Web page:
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THOMPSON: Still no accountability for Tulsa Race Massacre

May 31, 2021 - 12:00 PM

 


OPINION


A hundred years ago today, thousands of white residents of Tulsa, OK turned on their Black neighbours in a racially motivated riot that in just 18 hours killed as many as 300 people and completely destroyed America’s most vibrant Black community.

No one...not a single person to this day has been held accountable for the murders...for the destruction of property...for stealing the wealth of hundreds of Black families. It remains one of enumerable racial judicial travesties in a land that has the temerity to place statues of Lady Justice - blindfolded, holding balance scales and a sword - in front of its courthouses.

The facts and truths behind the deadly massacre weren’t just overlooked...they were hidden for decades. A revisionist history of lies - not unlike those Trump Republicans invented immediately after losing a fair election last Nov. 3, and after leading the Jan. 6 Insurrection on the Capitol - quickly replaced what really happened a century ago.

When white folks did talk about what is now known as The Black Wall Street Massacre or the Greenwood Massacre it was largely fiction. But for the most part, they not only didn’t talk about it...they acted as though it never happened.

Like most of the scores of white-led race riots in America from 1915 through the 1940s...an alleged but unsubstantiated affront of a white woman by a Black man was the spark that fuelled what white citizenry called justice.

History is best understood in the bright light of context. Oklahoma became the 46th state in 1907, and its very first legislative act was the passing of Jim Crow laws...the legal sanctioning of racial apartheid. Whites in Tulsa systematically disenfranchised Black folks...they could not vote, serve on juries or hold an elected office.

Over the next decade, white people passed Jim Crow law after law...segregating rail travel...mandating residential segregation by “forbidding Black or white people from residing on any block where three-fourths or more of the residents were members of the other race.” And while the U.S. Supreme Court ruled such laws unconstitutional in 1917...they existed for another three decades largely with impunity.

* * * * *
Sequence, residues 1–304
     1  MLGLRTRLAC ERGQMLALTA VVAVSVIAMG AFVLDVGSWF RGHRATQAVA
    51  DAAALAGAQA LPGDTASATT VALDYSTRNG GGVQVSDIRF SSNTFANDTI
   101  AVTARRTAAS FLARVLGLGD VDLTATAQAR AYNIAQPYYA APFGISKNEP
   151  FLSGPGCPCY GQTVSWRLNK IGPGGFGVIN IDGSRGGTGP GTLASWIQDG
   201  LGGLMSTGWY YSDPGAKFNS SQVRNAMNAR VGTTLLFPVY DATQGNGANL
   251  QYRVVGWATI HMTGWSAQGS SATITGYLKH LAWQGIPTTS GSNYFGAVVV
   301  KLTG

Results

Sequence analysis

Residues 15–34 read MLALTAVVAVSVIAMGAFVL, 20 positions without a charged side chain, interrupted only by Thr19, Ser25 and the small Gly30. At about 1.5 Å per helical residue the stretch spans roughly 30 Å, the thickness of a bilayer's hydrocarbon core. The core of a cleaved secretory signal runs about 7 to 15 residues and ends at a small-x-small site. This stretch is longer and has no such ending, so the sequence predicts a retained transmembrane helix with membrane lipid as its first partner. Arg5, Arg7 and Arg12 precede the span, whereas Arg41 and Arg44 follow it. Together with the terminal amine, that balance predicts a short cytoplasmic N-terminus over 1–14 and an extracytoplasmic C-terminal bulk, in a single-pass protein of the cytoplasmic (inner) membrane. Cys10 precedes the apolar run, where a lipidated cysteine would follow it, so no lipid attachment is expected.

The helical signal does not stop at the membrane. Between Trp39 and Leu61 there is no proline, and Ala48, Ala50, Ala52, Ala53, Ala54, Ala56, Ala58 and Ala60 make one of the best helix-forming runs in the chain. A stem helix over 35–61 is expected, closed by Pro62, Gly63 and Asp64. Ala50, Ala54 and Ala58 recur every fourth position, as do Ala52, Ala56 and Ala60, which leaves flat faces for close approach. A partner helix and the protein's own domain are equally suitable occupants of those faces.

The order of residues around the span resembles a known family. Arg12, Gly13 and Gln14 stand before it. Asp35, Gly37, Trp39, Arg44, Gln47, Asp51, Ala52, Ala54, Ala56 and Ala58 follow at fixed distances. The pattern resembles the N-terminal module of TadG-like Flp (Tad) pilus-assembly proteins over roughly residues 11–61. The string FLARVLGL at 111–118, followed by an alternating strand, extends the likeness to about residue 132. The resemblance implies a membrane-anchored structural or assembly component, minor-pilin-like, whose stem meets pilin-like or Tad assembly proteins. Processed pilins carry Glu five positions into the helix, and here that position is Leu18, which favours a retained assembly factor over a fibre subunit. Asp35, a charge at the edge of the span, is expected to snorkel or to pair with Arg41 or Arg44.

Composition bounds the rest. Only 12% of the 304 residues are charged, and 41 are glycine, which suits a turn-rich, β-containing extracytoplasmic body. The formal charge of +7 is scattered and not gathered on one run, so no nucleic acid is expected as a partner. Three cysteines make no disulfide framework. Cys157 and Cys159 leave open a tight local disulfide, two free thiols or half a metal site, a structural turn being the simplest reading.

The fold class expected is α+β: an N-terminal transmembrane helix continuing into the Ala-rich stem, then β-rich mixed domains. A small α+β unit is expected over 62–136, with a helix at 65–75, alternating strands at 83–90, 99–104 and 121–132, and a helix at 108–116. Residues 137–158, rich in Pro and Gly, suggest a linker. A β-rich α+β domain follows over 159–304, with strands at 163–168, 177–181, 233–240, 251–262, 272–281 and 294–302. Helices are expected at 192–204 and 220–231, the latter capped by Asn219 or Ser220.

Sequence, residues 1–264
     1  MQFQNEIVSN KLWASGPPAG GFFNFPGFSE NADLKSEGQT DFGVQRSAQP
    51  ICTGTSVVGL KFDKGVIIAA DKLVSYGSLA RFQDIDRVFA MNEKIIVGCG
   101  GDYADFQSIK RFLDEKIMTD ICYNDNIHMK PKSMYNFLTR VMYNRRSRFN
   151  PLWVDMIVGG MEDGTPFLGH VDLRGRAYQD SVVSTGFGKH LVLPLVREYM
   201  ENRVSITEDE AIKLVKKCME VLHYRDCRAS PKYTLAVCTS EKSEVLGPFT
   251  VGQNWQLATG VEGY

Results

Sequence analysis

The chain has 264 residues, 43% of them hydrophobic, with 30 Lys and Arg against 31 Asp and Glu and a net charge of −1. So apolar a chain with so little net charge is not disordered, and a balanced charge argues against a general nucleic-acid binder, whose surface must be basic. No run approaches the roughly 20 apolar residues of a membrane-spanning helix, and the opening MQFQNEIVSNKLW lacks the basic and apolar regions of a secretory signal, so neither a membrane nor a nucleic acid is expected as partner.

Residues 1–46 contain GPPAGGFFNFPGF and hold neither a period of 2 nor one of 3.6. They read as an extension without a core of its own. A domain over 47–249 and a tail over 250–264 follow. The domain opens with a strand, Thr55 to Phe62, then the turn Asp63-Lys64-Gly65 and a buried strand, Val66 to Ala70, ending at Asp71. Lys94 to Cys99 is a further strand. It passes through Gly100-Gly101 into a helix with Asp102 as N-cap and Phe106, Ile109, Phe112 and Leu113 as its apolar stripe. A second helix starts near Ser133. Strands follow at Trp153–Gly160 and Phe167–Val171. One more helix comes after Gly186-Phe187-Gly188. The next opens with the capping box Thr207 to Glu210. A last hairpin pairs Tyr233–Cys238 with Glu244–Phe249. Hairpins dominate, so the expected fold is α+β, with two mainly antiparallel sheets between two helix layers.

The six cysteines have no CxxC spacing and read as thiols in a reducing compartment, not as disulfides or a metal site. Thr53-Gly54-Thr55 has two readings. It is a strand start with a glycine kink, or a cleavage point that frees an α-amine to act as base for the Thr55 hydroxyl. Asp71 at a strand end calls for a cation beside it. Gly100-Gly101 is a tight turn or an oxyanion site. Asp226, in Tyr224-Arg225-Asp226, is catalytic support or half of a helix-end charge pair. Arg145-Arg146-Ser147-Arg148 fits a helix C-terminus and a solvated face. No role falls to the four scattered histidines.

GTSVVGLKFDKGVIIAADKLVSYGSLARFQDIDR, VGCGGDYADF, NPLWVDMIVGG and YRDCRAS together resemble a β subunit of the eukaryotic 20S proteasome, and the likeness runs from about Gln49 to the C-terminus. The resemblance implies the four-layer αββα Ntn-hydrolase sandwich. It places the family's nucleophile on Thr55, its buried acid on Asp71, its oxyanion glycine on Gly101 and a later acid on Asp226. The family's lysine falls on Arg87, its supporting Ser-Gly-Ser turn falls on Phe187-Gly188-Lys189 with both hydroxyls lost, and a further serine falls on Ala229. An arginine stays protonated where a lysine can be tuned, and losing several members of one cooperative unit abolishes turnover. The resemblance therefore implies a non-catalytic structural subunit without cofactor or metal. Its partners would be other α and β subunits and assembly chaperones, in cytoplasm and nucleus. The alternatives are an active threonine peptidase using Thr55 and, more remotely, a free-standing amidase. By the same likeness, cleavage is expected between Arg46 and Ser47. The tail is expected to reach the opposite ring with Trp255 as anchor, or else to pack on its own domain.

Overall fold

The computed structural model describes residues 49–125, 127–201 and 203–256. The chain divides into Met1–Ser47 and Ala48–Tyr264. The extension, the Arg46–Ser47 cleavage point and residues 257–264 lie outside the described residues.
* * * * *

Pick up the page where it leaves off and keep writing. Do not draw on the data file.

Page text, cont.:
In 1915, the most controversial movie ever made in America - “Birth of a Nation” - portrayed Black men (mostly played by white actors in blackface) as unintelligent and sexual aggressors toward white women. The movie reinforced racist beliefs and fuelled a resurgence of the Ku Klux Klan.

So it was by the early 1920s that white-controlled American politics and popular culture conspired against Black folks across America. Despite overwhelming and widespread oppression, some Black people were still able to accumulate a measure of wealth in Tulsa and elsewhere...and that on top of long-held biases, stereotypes and prejudices seemed to enrage many White people.

That was certainly the case in Tulsa...but there were other white vigilante raids targeting Black folks across America during that era. In Rosewood, FL, in 1923, somewhere between 27 and 150 Black people were killed...The Ocoee Massacre in 1920 killed 30 to 35 Black people...and the Perry Massacre in 1922 saw one Black man burned at the stake and two lynched...all three of these vigilante mob killings in Florida.

The imprecision of the actual loss of life in these mob actions and lynchings is understandable...white people controlled not only the police and judicial systems, but the newspapers, as well, so documentation often downplayed deaths and destruction.